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'Asia Extreme', Oliver Dew and Japanese Cinema

Page history last edited by Air Dupaix 10 years, 10 months ago

Asia to the Extreme

"Asia Extreme", "Optimum Asia", and "EasternCult" is a newly developed film genre created by Palisades Tartan, who was once the US and UK film distribution company known as Tartan Films. Tartan Films began to distribute Asian cinema, especially horror and thriller films, to the UK and US audiences, and was the first to come up with the brand "Asia Extreme". "Asia Extreme" supposedly showcases the best and most exclusive of Asian Cinema and is heavily advertised toward "fan boys", as well as world cinema viewers. According to the Sundance Channel's webpage, "ASIA EXTREME showcases the work of a new wave of innovative filmmakers who are reinvigorating the world of genre movies. These films are extraordinary to look at: strange and provocative tales told with imagination, precision, and verve. Watch Asia Extreme Sundays at 12:00am et/pt."


Oliver Dew takes great opposition to the immediately apprent marketing ploys in the "Asia Extreme" genre. Dew shows that the cult mentality surrounding these movies can be based solely on the marketing ploys to get the "cult 'fan-boy' audience and art-house/ world cinema audience" into watching these extreme films. Dew mentions that Tartan and other distributors used different marketing strategies to cultivate their differing audiences. For the world cinema audiences the distributors "emphasized the literary and auteurist reading of the film [Battle Royale], describing it as a 'cross between A Clockwork Orange and Lord of the Flies " (Dew 59). And for the 'fan-boy' audience they used "the films ability to deliver thrills, describing [Battle Royale] as a 'film that'll nail gun you to your seat, gasping in shock" (59) .


Dew's Relations to Audition

Dew believes that Takashi Miike's Audition is a perfect example to showcase the pure capitalism of the "Asia Extreme" genre. When Dew is examining Britain's media coverage, he focused the "extreme physiological reactions to Audition. He quotes The Guardian's review of the Rotterdam screenings where the audience members walking out of the film "hissing you're sick at Miike" and the Toronto Film Festival "capitalizing on Miike's infamy by distributing sick bags to the audience attending the screening" (Dew 60).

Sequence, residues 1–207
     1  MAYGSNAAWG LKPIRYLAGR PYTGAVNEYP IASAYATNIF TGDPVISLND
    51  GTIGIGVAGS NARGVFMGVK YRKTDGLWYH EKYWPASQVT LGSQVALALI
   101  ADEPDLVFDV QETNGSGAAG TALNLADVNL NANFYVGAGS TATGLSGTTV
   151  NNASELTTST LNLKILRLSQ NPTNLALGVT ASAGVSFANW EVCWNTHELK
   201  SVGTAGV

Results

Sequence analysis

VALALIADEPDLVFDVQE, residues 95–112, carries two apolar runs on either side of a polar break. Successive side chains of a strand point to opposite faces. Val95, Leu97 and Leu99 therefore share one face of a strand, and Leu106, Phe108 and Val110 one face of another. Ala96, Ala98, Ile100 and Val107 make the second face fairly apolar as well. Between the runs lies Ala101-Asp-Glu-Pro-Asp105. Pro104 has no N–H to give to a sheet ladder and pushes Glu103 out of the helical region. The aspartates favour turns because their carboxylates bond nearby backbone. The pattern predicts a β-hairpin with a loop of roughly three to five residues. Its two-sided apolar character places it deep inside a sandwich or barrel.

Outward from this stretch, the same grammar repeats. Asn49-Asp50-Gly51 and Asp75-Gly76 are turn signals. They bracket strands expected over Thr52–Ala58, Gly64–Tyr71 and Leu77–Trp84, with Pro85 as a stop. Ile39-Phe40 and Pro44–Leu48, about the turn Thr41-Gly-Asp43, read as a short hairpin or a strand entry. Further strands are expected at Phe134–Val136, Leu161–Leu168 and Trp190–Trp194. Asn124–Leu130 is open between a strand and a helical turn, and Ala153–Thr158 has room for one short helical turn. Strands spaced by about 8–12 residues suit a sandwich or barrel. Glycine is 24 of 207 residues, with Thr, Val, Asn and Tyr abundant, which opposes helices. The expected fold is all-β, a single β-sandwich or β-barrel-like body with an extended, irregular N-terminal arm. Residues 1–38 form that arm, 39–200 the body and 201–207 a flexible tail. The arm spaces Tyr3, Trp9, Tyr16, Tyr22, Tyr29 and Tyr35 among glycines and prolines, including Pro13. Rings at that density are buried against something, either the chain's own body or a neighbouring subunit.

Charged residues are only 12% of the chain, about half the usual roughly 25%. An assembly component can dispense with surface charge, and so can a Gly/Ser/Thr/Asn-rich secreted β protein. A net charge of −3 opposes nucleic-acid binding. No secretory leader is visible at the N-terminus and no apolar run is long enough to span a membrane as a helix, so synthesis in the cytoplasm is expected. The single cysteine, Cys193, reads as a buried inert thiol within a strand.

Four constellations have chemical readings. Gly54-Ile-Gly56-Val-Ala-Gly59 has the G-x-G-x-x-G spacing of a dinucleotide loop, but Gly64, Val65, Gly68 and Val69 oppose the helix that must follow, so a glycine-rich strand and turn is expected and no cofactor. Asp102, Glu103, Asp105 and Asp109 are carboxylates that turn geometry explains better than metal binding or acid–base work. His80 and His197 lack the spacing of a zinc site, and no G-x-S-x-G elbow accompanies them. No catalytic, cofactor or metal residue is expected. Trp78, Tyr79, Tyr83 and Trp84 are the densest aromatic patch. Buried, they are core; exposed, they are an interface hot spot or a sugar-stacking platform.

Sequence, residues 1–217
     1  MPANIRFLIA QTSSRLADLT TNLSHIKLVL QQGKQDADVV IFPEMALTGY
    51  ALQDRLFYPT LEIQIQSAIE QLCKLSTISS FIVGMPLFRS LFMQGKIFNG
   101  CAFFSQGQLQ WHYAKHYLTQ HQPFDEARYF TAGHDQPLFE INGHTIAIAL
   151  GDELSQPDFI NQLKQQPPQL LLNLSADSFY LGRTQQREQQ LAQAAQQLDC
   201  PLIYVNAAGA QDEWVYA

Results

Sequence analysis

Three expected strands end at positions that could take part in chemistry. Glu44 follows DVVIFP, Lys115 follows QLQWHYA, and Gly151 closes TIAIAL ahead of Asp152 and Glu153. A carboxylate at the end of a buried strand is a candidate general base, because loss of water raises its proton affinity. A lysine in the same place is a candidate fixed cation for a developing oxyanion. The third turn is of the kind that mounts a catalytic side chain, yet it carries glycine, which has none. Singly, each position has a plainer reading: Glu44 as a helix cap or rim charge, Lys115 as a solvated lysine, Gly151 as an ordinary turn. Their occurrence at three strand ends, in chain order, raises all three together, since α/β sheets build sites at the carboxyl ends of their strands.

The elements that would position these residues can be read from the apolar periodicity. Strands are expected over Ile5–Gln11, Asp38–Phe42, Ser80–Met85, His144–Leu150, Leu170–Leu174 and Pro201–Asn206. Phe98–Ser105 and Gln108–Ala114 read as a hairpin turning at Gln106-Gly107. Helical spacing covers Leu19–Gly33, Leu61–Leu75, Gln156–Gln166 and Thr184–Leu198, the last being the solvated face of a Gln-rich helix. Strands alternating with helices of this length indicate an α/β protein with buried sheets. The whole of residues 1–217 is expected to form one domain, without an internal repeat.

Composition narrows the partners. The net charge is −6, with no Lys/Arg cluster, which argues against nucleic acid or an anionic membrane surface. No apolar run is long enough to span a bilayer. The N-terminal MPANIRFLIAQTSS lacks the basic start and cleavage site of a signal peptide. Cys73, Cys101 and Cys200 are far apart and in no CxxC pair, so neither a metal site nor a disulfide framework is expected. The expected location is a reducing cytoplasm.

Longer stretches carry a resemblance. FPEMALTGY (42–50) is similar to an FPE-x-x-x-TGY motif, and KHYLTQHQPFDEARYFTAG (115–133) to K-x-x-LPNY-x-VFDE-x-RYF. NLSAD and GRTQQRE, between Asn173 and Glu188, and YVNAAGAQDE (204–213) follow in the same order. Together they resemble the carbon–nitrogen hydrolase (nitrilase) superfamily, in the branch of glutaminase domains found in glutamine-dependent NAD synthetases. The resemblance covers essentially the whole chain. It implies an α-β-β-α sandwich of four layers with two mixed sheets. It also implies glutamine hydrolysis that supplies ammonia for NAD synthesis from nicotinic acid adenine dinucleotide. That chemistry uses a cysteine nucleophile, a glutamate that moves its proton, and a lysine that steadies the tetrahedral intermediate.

For Dew, all of this capital specialization operates in service of something more fundamentally problematic than the marketing machine itself.  In his discussion of the marketing behind the "Asia Extreme" branding, he notes that, "despite the ease with which horror and violence [often integral in the makeup of said films] are meant to cross national boundaries... reviewers of Japanese horror are often more likely to read for 'cultural difference'" (67).  In short, this way of understanding Japanese cinema marks its so-called "ambiguous" treatments of challenging material as a cultural 'other', or as a manifestation of the "internally unreasonable and violent" (68) urges that comprise deep-seated stereotypes of Japanese society.  The western treatment of this cinema becomes another way to draw upon and reinforce "the centuries-old Orientalist discourse" that has proliferated attempts to characterize Asian society.  It also, as Dew illuminates, "often functions to legitimate European male access to Asian women by coding the latter as submissive and/or repressed by the 'perverted' Asian male" (68).  Not only is the intensely troubling employment of the 'Oriental Other' being used in service of marketing to western, specialized audiences, it is also operating in service of an imperially patriarchal understanding of cultural relations. Films such as Audition ultimately become culturally isolated, and reworked into specific commentaries on Japanese sexual and violent fantasies, rather than cross-cultural commentaries on gendered power or global capitalism (69).   


Dew's Relations to Howls Moving Castle

Dew uses Hayao Miyazaki's Howl's Moving Castle as a contrast to the "Asia Extreme" films to show that the typical films in Japan are not filled with the "sexualized ultra-violence" that typify films like Audition.  Or rather, that while those films are a notable movement in Asian cinema, that they are not dominating the box office (and by extension the cultural consciousness) like western marketing would implore you to believe.  The works of Miyazaki are interesting in that they are successful cross-culturally, and perhaps provide an alternative to the simplifying effects of marketing that plays upon cultural and racial stereotypes.  


Works Cited

Dew, Oliver. "'Asia Extreme': Japanese Cinema and British Hype." New Cinemas 5.1 (2007): 53-73. Print

"Sundance Channel: Asia Extreme" sundancechannel.com. n.d. Web. 1 December 2009.

"Palisades Tartan" wikipedia.org. 23 November 2009. 1 December 2009.

Comments (1)

Sean Desilets said

at 1:31 am on Dec 3, 2009

* Needs a somewhat more systematic engagement with the article--I guess especially that final part about race
* I wonder if there's any way to think about the film itself as either actually fitting its marketing or not
* I think the barf bags were for _Ichi the Killer_

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